Our work has demonstrated multiple interdisciplinary advances. Our first advance is to develop a low-cost, scalable, and controllable approach to engineering wrinkle-like MXene microstructures via localized thermal contraction, which cannot be easily achieved by conventional bucking methods (Supplementary Figs. 37 and 38). Our second achievement is to control the crack propagation behaviors of piezoresistive nanolayers through topographic design including the Mn nanolayers under different stretching directions, the Mn nanolayers with varying the areal percentages of wrinkle-like region(s), and the Mn nanolayers with varying positions and distribution of wrinkle-like region(s). As a result, the strain sensing characteristics of wearable strain sensor can be customized. Most of the reported works in the literature focuses on adjusting the piezoresistive nanolayer compositions to pursue high GFs, yet few strategies were developed to customize the linear working windows23,30,35,47,62. In this work, the linear working windows of our Mn sensors can be tuned without sacrificing their ultrahigh strain sensitivity (GF > 1000). Third, compared with the state-of-the-art works in Table 1, our edge sensor module showed advances in terms of versatile integration method. As mentioned by multiple important review articles29,69,73,74, an urgent challenge in wearable sensors is to enable efficient transmission of large amounts of sensor data followed by in-sensor machine learning with power-efficient local computing. Multidisciplinary efforts are required to address this challenge by advancing hardware/software development and optimizing the sensor/circuit interfaces. In this work, our edge sensor module was carefully designed to achieve full-body motion monitoring coupled with edge data processing and in-sensor machine learning, which has not been reported before. We believe that the integration method (i.e., wearable/stretchable sensors with edge computing chip(s)) demonstrated in this work is highly versatile and can benefit the advances in other fields, including wearable performance devices in sports and underwater soft robots.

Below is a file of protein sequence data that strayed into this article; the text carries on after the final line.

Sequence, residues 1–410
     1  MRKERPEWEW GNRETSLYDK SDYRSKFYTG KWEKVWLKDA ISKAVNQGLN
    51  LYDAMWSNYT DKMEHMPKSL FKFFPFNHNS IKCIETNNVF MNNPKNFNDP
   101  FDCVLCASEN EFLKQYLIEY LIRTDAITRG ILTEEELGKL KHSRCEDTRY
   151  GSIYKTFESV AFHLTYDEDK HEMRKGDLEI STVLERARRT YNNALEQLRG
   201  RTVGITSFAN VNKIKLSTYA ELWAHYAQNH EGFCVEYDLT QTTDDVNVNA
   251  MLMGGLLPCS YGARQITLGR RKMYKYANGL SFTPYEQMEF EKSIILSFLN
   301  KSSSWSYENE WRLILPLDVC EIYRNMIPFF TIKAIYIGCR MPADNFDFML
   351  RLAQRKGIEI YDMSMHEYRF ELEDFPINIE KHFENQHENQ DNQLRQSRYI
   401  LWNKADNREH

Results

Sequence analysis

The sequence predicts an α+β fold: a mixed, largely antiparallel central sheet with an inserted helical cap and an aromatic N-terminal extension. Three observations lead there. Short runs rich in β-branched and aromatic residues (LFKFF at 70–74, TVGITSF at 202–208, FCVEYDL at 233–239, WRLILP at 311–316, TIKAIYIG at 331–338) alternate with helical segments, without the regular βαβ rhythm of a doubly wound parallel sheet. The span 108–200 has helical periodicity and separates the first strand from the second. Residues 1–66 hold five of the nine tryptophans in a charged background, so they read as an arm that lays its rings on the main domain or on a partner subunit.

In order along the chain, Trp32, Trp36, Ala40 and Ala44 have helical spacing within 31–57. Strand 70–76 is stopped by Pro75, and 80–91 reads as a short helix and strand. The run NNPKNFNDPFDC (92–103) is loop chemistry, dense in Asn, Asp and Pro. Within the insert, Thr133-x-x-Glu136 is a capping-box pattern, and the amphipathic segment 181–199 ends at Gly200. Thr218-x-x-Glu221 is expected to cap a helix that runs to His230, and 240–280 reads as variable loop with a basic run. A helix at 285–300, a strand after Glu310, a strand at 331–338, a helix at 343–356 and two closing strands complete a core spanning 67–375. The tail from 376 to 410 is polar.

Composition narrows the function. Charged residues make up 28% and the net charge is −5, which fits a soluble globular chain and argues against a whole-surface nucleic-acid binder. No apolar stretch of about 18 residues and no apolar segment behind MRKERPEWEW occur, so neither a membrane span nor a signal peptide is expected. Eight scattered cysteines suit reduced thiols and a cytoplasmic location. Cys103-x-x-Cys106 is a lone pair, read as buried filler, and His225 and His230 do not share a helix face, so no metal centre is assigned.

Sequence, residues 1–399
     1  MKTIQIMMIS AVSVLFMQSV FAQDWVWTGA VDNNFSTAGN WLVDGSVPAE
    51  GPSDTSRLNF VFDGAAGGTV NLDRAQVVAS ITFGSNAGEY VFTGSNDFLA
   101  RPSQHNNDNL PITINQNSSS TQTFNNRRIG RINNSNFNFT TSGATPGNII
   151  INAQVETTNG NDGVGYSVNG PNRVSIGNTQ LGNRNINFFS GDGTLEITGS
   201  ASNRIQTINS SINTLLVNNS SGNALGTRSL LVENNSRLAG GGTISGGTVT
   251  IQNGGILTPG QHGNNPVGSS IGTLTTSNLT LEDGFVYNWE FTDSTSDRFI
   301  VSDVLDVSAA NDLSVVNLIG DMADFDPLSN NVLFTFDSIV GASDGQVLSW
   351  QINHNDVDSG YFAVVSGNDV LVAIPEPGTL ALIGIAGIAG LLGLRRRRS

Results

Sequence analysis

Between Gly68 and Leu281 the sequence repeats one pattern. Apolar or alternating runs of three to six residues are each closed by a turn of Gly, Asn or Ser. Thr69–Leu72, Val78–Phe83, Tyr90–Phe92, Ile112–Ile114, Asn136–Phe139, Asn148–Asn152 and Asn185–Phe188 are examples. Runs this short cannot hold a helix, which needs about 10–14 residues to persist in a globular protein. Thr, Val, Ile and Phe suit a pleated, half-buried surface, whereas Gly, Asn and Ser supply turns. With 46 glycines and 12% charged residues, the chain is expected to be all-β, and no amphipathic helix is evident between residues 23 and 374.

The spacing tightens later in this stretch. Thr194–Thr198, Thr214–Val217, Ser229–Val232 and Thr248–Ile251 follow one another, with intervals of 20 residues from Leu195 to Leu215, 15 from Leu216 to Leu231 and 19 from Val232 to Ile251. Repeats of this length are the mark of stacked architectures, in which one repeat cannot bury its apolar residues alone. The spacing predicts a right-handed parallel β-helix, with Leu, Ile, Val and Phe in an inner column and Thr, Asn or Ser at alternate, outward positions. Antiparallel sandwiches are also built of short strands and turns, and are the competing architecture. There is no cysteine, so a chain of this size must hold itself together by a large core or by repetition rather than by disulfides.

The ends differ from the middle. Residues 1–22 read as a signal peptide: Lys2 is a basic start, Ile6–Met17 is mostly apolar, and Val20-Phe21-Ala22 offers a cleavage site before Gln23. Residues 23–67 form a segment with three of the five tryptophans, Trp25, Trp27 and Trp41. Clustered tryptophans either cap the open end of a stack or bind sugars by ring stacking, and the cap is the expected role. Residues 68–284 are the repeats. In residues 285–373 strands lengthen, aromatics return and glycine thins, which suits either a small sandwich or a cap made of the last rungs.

## Methods